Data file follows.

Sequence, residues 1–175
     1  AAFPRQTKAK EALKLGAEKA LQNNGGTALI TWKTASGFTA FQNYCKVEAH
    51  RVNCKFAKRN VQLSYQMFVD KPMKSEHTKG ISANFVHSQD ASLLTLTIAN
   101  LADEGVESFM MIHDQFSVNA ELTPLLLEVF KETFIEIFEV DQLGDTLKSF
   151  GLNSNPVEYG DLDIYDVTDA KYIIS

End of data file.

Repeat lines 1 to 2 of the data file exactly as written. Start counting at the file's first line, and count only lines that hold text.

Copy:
Sequence, residues 1–175
     1  AAFPRQTKAK EALKLGAEKA LQNNGGTALI TWKTASGFTA FQNYCKVEAH